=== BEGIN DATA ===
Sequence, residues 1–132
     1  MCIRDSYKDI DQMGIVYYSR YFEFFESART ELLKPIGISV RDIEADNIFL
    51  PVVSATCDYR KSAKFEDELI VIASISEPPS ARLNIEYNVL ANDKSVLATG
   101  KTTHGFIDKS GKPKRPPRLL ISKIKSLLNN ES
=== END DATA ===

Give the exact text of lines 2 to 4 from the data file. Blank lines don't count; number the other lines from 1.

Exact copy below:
     1  MCIRDSYKDI DQMGIVYYSR YFEFFESART ELLKPIGISV RDIEADNIFL
    51  PVVSATCDYR KSAKFEDELI VIASISEPPS ARLNIEYNVL ANDKSVLATG
   101  KTTHGFIDKS GKPKRPPRLL ISKIKSLLNN ES